“ They drowned many hundreds, men, women, and innocent children, in the rivers. Some they sent to sea in a rotten vessel, without any sails or rudder, to be cast away: and great numbers of the English, after they had done all drudgeries for the rebels in hopes of mercy, had all their throats cut by them: and with some of them the execrable villains and monsters would make themselves pastime and sport, before their death, trying who could hack deepest into the Englishmen's flesh : and so with the highest torture and cruelty mangled them to death."-423

“Sometimes they enclosed them in some house or castle, which they set on fire, with a brutal indifference to their cries, and a hellish triumph over their expiring agonies. Sometimes the captive English were plunged into the first river, to which they had been driven by their tormentors. One hundred and ninety were, at once, precipitated from the bridge of Portnedown. Irish ecclesiastics were seen encouraging the carnage. 421 May, 86.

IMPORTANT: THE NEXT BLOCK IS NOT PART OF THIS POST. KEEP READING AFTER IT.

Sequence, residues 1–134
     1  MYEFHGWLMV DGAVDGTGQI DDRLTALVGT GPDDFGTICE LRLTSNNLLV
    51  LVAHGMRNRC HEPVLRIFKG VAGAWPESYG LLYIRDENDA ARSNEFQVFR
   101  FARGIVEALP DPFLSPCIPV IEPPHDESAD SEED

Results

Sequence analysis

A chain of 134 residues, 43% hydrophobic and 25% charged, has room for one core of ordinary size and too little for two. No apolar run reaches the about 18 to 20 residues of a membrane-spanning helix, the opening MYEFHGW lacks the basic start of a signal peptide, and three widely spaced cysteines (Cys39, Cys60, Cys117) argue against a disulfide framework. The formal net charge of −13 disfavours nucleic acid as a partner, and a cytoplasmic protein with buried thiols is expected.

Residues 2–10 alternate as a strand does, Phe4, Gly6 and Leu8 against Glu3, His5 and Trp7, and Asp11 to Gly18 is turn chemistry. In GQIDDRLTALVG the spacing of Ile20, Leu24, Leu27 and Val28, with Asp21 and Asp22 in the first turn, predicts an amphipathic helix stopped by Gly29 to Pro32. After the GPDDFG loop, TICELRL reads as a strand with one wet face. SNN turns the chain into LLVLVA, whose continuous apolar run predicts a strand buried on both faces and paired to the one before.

422 Temple, 89. 123 Whitelock, 49.

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The women forgot the tenderness of their sex, pursued the English with execrations, and imbrued their hands in blood. Even children, in their feeble malice, lifted the dagger against the helpless prisoners !!!"424

“ They gave a loose to the mortal hatred they bore the English, and rivers of blood were inhumanly shed. The island, formerly renowned for its piety, was now become a scene of massacres, which it would be shocking to humanity to repeat. Every thing that the ferocity of their minds and the brutality of their nature could suggest, was put in practice by the common soldiers."